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As it turns out, I control all of the code so I wound up removing the "malicious" (or should I say "naive") code myself. I'm going to keep using shared_ptrs and just be more careful by using weak_ptr whenever I possibly can, because I do need the expired() check. I really hate doing it this way, because quite often I feel like I'm my own worst enemy because I keep accidentally saving shared_ptrs when I meant to save a weak_ptr. It seems like this is a big problem with shared_ptrs in general though, because they're often stickyer than you want them to be. – Kyle Apr 23 '10 at 0:23
Accepting this answer because it's what I personally wound up doing, but it wouldn't help anyone that has limited control over the code. Thanks everyone for posting their solutions, they all look good to me. I wish boost would come out with 'owned_ptr' or something... – Kyle Apr 26 '10 at 15:26

Make it private and provide a facade to do whatever operations needed. Nobody ever sees the pointer. I guess that at that point you would not even need a shared_ptr.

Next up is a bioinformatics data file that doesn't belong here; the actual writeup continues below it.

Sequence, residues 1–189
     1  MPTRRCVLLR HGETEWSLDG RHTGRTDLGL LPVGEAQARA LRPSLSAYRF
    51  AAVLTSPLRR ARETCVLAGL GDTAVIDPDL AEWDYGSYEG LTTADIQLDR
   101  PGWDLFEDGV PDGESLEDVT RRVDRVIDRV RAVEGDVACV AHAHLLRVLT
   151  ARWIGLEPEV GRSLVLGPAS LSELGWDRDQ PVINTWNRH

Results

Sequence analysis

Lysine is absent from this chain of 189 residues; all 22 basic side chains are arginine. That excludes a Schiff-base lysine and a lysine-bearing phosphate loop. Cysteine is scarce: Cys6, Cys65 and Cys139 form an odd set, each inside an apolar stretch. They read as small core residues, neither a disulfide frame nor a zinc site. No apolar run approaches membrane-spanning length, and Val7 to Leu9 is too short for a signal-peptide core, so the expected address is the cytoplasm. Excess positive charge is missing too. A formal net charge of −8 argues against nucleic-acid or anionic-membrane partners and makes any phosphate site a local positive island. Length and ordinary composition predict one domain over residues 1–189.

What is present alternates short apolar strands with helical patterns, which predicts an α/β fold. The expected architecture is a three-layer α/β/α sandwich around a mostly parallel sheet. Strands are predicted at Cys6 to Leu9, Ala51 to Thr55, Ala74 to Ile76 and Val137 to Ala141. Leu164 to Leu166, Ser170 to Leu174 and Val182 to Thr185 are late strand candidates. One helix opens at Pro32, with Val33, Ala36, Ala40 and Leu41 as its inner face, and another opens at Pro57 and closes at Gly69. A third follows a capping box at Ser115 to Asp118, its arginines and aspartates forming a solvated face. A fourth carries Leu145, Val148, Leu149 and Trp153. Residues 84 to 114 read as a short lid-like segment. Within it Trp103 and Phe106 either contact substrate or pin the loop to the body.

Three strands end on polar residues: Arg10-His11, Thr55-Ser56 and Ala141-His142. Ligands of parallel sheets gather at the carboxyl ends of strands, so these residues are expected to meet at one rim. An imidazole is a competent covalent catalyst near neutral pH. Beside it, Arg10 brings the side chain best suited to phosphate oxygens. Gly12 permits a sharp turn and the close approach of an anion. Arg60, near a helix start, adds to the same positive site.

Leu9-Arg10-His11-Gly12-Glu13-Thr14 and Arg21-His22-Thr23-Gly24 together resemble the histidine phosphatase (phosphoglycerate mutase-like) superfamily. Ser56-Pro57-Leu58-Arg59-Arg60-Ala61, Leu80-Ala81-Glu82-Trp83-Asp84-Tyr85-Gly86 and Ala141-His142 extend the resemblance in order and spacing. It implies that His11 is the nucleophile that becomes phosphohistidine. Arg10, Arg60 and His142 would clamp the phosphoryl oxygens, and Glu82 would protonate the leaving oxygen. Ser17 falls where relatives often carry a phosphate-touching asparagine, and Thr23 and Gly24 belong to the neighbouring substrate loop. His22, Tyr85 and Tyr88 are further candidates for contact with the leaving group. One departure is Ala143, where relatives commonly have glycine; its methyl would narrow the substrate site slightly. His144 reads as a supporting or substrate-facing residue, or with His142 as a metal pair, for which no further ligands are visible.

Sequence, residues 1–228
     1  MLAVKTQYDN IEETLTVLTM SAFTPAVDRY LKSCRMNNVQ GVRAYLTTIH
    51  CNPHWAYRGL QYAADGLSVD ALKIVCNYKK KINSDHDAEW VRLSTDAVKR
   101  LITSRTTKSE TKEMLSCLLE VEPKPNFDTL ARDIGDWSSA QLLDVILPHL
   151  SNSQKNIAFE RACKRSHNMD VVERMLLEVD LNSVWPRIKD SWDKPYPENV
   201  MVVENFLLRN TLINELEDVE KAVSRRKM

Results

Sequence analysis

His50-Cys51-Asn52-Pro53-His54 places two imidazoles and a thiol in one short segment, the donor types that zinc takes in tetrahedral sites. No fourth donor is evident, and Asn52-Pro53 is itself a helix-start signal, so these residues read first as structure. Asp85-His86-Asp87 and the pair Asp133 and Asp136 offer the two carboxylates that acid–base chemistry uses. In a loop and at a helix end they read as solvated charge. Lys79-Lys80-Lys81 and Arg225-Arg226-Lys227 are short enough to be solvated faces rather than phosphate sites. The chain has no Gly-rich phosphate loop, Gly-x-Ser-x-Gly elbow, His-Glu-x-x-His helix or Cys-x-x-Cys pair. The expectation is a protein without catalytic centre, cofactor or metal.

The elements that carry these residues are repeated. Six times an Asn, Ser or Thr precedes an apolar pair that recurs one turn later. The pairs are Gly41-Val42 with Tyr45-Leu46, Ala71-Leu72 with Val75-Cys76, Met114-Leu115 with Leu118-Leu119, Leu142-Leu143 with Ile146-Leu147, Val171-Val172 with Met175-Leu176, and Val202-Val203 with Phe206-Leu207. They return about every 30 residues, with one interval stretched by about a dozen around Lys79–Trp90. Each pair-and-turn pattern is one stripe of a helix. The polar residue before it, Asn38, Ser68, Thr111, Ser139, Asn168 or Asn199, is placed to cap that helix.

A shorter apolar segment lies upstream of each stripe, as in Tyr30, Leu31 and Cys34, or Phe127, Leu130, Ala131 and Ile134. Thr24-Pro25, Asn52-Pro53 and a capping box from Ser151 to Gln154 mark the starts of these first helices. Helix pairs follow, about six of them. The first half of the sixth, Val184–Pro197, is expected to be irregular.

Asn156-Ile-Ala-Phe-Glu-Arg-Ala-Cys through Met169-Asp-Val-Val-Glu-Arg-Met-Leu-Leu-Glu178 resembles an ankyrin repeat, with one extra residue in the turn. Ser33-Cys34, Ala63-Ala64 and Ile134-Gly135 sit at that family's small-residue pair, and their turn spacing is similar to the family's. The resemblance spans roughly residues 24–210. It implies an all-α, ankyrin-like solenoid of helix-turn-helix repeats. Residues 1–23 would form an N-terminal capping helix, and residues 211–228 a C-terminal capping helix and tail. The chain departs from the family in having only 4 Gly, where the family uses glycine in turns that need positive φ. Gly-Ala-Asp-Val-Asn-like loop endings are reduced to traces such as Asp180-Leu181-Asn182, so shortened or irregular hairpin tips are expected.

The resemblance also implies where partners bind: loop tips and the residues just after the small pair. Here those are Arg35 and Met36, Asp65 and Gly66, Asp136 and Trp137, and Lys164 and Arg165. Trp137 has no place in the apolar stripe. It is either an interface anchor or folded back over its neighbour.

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+1 for private, though the obvious benefit of shared_ptr here is the ability to get weak_ptr, which allow the user to know whether or not the original object is still alive. – Matthieu M. Apr 22 '10 at 6:18

Don't pass around the boost::shared_ptr object... even if you store the object, internally, using a boost::shared_ptr, you should make sure that functions take your object by constant reference rather than a copy of the shared pointer. Since you would need to dereference the shared pointer in order to pass the object to a function that passes by const reference, you will know whether it follows that protocol or not.